Before having to face the consequences of our actions, we must consider the optimal way to proceed. As it pertains to the human diet, this is my definition of Truthology. It’s a study of what we should be doing – what is in our best interests – to help guide our decision-making process. That’s not to say we are forbidden from indulging, but we should do so with complete awareness. Many people go by the notion of “everything in moderation”, especially when it comes to eating, yet do not fully realize what exactly they are doing in moderation. What are the long-term effects (to you and the world around you) of what you are doing in moderation? There are many things that I would never choose to do at all, much less “in moderation”. It’s very important to be aware of the long-term actions we engage in (both good and bad), so that our results live up to our expectations.
Following is a great article written by Kathy Freston, which was published in the “Healthy Living” section of the Huffington Post. To me, whether you believe this or not, this embodies the spirit of Truthology.
Going through the comments of some of my recent posts, I noticed the frequently stated notion that eating meat was an essential step in human evolution. While this notion may comfort the meat industry, it’s simply not true, scientifically.
Dr. T. Colin Campbell, professor emeritus at Cornell University and author of The China Study, explains that in fact, we only recently (historically speaking) began eating meat, and that the inclusion of meat in our diet came well after we became who we are today. He explains that “the birth of agriculture only started about 10,000 years ago at a time when it became considerably more convenient to herd animals. This is not nearly as long as the time [that] fashioned our basic biochemical functionality (at least tens of millions of years) and which functionality depends on the nutrient composition of plant-based foods.”
That jibes with what Physicians Committee for Responsible Medicine President Dr. Neal Barnard says in his book, The Power of Your Plate, in which he explains that “early humans had diets very much like other great apes, which is to say a largely plant-based diet, drawing on foods we can pick with our hands. Research suggests that meat-eating probably began by scavenging–eating the leftovers that carnivores had left behind. However, our bodies have never adapted to it. To this day, meat-eaters have a higher incidence of heart disease, cancer, diabetes, and other problems.”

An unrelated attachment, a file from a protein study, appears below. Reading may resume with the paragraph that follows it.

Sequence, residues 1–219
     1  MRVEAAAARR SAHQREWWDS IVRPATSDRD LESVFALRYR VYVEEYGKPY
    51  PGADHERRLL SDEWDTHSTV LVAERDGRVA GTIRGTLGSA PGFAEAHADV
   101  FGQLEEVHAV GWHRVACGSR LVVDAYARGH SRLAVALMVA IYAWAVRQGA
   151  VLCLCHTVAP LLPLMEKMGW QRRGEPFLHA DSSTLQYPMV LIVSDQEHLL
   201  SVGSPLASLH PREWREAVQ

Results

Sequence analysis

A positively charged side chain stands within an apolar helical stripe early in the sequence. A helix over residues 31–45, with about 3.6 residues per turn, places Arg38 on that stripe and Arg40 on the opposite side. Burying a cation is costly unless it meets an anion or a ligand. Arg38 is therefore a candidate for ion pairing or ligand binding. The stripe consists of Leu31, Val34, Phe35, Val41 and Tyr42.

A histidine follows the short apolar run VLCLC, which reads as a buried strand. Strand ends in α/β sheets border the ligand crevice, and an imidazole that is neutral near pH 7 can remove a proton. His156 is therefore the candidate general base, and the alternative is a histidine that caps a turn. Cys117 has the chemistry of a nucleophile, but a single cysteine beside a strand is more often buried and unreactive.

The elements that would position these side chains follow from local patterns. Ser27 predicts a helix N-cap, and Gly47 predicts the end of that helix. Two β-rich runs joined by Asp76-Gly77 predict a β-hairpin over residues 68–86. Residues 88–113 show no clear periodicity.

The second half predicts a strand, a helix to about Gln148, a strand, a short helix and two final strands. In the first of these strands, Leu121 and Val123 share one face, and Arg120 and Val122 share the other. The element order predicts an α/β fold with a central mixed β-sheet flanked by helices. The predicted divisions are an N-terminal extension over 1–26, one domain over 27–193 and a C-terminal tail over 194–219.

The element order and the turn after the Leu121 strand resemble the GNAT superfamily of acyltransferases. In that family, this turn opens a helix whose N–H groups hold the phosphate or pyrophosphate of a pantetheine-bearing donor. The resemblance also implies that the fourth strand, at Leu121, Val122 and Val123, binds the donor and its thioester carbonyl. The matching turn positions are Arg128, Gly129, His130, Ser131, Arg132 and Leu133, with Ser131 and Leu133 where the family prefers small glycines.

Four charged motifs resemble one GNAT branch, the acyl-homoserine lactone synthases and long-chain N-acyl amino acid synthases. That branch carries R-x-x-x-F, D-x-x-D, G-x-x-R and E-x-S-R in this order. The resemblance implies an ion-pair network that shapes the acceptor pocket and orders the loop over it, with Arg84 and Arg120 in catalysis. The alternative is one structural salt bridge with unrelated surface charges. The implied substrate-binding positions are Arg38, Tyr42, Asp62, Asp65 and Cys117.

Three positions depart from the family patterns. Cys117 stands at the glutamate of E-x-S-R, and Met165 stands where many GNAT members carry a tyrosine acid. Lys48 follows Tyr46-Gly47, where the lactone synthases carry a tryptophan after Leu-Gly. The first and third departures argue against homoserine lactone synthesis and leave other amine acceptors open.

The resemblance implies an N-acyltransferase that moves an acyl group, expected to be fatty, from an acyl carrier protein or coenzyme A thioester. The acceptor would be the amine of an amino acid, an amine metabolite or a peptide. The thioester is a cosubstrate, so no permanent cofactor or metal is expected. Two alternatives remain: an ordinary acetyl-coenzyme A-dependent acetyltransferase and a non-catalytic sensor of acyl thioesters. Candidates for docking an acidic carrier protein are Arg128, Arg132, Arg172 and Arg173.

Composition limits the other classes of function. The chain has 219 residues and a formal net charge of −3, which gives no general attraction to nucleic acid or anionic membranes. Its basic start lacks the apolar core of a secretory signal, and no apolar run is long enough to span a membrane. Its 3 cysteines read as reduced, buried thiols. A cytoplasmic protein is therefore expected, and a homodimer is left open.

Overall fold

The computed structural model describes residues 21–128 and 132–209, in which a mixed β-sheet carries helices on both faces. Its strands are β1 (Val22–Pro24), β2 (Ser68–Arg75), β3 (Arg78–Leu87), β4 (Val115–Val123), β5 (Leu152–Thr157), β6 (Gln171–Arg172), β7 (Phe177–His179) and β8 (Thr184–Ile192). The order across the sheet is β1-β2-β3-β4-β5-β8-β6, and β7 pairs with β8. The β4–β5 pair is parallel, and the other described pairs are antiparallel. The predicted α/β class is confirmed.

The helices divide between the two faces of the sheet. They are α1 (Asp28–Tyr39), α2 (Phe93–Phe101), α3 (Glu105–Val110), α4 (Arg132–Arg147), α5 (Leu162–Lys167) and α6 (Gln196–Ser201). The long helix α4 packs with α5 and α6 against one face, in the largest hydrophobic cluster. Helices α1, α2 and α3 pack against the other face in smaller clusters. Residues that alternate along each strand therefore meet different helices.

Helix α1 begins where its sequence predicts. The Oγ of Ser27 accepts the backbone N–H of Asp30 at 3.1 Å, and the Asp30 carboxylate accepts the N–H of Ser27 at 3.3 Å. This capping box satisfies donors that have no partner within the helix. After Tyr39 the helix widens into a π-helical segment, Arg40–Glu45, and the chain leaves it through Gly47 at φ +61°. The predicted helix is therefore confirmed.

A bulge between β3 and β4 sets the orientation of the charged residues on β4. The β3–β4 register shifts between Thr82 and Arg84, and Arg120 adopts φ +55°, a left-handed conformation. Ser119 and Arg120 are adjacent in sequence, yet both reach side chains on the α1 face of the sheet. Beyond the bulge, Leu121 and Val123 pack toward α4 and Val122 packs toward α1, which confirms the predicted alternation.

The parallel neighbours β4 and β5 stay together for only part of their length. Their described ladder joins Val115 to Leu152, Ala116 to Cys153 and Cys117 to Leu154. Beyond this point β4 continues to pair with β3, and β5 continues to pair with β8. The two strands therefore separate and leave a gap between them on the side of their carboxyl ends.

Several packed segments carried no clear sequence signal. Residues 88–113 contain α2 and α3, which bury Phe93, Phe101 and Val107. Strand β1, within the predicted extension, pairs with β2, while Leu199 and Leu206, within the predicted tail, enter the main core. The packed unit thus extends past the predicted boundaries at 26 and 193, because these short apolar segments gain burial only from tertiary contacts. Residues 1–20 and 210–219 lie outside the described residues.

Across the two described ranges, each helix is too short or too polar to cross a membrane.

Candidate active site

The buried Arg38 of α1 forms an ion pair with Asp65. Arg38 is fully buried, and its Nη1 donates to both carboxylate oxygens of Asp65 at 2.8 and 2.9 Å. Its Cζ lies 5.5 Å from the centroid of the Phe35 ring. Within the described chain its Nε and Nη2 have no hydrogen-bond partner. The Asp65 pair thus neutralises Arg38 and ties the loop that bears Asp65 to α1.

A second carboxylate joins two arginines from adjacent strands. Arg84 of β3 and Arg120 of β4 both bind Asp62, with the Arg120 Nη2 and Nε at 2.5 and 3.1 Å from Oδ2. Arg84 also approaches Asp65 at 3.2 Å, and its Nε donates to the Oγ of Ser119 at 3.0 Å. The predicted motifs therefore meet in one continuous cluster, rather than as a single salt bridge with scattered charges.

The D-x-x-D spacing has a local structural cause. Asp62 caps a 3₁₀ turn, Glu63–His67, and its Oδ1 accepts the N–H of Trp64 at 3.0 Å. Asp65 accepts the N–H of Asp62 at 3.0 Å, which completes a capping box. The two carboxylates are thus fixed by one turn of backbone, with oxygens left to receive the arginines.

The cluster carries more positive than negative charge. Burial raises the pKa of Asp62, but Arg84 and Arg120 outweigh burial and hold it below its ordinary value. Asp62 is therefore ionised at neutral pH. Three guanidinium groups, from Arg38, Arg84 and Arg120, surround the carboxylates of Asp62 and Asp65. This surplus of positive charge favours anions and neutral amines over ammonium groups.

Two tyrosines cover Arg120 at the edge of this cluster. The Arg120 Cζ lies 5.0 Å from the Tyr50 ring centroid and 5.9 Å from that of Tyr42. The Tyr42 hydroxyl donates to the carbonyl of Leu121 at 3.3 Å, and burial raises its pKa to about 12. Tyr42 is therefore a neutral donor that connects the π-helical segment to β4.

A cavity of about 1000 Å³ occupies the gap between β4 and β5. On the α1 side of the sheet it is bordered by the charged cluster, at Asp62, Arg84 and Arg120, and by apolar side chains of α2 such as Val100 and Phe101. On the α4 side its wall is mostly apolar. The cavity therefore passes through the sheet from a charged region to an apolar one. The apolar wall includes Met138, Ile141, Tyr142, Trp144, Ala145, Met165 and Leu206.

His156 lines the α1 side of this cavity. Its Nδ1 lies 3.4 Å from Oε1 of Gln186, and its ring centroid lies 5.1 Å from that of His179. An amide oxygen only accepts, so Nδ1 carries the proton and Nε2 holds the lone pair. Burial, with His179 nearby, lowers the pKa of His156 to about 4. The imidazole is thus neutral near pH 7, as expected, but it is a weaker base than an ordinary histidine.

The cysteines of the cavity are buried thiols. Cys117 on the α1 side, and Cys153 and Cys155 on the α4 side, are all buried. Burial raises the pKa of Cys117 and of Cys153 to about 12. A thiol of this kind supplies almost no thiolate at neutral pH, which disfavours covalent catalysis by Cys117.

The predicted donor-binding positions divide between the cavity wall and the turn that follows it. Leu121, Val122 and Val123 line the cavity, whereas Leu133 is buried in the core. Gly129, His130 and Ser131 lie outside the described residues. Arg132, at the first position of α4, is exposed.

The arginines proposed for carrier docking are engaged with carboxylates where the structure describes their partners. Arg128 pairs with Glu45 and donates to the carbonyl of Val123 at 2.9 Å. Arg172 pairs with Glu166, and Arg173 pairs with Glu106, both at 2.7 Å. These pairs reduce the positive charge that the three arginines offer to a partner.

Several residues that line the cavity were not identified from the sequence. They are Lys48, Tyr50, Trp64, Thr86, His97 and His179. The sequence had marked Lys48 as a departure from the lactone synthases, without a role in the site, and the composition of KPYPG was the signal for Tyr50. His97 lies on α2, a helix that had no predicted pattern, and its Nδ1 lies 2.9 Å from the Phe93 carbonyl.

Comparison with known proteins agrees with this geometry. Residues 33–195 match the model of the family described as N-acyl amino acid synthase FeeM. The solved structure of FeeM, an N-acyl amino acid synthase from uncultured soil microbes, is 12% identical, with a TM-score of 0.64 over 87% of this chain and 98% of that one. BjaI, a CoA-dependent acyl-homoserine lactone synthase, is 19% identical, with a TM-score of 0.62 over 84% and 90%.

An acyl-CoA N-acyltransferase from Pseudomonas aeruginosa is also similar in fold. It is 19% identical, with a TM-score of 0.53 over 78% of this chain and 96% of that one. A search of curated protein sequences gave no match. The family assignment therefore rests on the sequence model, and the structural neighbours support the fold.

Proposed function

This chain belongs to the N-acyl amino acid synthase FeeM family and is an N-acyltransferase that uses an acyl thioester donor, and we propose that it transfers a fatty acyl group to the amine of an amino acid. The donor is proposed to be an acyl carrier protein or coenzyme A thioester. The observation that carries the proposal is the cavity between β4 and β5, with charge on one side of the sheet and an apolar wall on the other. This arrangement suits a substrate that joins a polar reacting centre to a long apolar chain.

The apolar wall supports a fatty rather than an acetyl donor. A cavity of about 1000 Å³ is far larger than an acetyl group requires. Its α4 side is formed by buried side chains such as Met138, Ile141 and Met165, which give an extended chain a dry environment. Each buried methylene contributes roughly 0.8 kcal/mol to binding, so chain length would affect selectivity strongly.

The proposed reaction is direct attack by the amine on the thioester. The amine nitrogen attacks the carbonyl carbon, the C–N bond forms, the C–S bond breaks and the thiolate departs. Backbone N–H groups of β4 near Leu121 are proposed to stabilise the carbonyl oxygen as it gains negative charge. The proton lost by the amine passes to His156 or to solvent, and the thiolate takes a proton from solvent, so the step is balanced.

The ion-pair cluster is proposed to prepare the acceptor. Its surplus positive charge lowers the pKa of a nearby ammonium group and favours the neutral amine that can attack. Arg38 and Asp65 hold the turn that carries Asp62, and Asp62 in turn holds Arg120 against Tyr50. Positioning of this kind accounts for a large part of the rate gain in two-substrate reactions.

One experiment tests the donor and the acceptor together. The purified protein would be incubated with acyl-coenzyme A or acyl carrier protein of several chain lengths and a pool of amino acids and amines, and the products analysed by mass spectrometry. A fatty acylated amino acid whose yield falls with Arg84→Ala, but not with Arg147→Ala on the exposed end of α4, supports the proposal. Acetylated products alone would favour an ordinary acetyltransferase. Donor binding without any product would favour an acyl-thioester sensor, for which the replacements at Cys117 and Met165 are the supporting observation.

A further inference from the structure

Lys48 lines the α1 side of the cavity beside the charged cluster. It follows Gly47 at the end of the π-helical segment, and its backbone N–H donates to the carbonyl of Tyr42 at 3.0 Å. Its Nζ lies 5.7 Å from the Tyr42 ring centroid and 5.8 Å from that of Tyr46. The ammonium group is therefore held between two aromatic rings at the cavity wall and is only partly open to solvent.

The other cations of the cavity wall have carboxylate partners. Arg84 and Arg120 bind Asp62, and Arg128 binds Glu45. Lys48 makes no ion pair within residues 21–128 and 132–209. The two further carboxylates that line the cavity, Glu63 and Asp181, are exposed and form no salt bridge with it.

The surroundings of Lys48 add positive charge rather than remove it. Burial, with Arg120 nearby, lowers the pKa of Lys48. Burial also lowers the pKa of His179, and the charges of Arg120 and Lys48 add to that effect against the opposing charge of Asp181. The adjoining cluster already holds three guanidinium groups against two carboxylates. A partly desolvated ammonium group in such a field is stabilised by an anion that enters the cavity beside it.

There is no more authoritative source on anthropological issues than paleontologist Dr. Richard Leakey, who explains what anyone who has taken an introductory physiology course might have discerned intuitively–that humans are herbivores. Leakey notes that “[y]ou can’t tear flesh by hand, you can’t tear hide by hand…. We wouldn’t have been able to deal with food source that required those large canines” (although we have teeth that are called “canines,” they bear little resemblance to the canines of carnivores).
In fact, our hands are perfect for grabbing and picking fruits and vegetables. Similarly, like the intestines of other herbivores, ours are very long (carnivores have short intestines so they can quickly get rid of all that rotting flesh they eat). We don’t have sharp claws to seize and hold down prey. And most of us (hopefully) lack the instinct that would drive us to chase and then kill animals and devour their raw carcasses. Dr. Milton Mills builds on these points and offers dozens more in his essay, “A Comparative Anatomy of Eating.”
The point is this: Thousands of years ago when we were hunter-gatherers, we may have needed a bit of meat in our diets in times of scarcity, but we don’t need it now. Says Dr. William C. Roberts, editor of the American Journal of Cardiology, “Although we think we are, and we act as if we are, human beings are not natural carnivores. When we kill animals to eat them, they end up killing us, because their flesh, which contains cholesterol and saturated fat, was never intended for human beings, who are natural herbivores.”
Sure, most of us are “behavioral omnivores”–that is, we eat meat, so that defines us as omnivorous. But our evolution and physiology are herbivorous, and ample science proves that when we choose to eat meat, that causes problems, from decreased energy and a need for more sleep up to increased risk for obesity, diabetes, heart disease, and cancer.
Old habits die hard, and it’s convenient for people who like to eat meat to think that there is evidence to support their belief that eating meat is “natural” or the cause of our evolution. For many years, I too, clung to the idea that meat and dairy were good for me; I realize now that I was probably comforted to have justification for my continued attachment to the traditions I grew up with.
But in fact top nutritional and anthropological scientists from the most reputable institutions imaginable say categorically that humans are natural herbivores, and that we will be healthier today if we stick with our herbivorous roots. It may be inconvenient, but it alas, it is the truth.
Please post your comments below and thanks for reading!